Batu Caves’s Thaipusam 2010 was an eye-opening (ear- & nose-opening too) experience for me. It was my first time there. Even though I’d expected there’d be swarms of photographers about, I was quite unprepared for all the lens barrels, camera straps, camera bags & other photography-related paraphenilia filling up my background. So, I did the best I could by shifting my angles and getting out of the way of the devotees, their families and other people with cameras.
Watching the background & along the edges was a priority when I looked through my pictures after the event. Here’ s one that I felt captured the spirit of the celebration. I liked how the devotee’s body fills the frame, and the strong lines of his arm and fingers help the eye to travel inside the picture. The betel leaves juice staining his lips and fingers provide impact. There was something nagging me though – see the bloke in the dark shirt on the left side of the picture? He’s actually holding on to leather harnesses attached to hooks that are digging into our devotee’s back. I knew that, but you probably don’t, right? I felt that the bloke on the left is part of the story and I wanted to include him, but I also know that he’s a distraction there. So my question was, if I cropped him out of the picture, would it still be impactful?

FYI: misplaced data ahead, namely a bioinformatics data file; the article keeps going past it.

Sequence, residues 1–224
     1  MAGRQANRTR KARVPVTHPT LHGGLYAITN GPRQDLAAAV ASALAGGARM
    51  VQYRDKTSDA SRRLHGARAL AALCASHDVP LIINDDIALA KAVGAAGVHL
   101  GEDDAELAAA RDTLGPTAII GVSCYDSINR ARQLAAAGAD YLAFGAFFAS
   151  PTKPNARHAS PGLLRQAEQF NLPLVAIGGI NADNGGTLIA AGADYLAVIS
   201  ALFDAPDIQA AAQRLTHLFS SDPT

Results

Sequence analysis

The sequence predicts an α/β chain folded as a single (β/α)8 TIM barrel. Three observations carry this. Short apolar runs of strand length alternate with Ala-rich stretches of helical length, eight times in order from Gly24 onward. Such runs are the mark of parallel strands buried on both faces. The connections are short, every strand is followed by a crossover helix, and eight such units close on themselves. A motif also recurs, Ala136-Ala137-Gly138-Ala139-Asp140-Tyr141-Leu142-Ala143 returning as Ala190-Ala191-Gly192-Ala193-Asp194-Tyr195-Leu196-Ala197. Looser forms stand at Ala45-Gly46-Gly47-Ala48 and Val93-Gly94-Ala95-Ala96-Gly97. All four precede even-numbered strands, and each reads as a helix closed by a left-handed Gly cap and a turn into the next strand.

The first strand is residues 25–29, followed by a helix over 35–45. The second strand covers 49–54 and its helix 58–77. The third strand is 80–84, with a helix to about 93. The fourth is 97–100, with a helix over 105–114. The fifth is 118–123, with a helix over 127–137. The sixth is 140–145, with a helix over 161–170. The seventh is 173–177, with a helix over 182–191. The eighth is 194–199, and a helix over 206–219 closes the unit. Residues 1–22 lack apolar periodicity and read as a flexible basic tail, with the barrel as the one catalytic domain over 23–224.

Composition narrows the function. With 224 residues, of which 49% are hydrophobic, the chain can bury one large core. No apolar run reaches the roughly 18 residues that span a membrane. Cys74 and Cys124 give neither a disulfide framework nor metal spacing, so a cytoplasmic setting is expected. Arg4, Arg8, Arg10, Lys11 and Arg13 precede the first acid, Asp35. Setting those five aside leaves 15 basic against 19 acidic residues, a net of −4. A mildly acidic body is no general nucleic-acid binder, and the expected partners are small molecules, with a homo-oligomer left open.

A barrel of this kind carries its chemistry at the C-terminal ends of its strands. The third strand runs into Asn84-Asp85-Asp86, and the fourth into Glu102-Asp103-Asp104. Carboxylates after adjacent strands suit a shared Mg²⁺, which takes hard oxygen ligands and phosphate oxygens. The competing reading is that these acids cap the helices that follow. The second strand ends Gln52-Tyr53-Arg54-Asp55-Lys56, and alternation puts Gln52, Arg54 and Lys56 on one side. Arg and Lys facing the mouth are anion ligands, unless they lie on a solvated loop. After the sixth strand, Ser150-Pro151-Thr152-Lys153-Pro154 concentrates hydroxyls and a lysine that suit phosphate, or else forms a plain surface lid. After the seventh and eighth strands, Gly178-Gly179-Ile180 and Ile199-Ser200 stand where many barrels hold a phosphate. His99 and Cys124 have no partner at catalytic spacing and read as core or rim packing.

I was to close to the forest to see the trees, so I asked a good friend for feedback. His response: The devotee’s torso, head, armline and fingers form a good triangle shape. Look again at the bloke on the left. See the point where his arm and the arm of our devotee appear to meet? That’s an example of accidental or unintended merging. Eyes would focus on the edge of the picture instead of our main story, ie the devotee in trance and ready to walk up to the 272 steps.
I think his advice made sense so I adjusted the crop to minimize the accidental merging and kept the focus on the main subject of my picture.
Here’s what it looks like now. I do feel better about this one.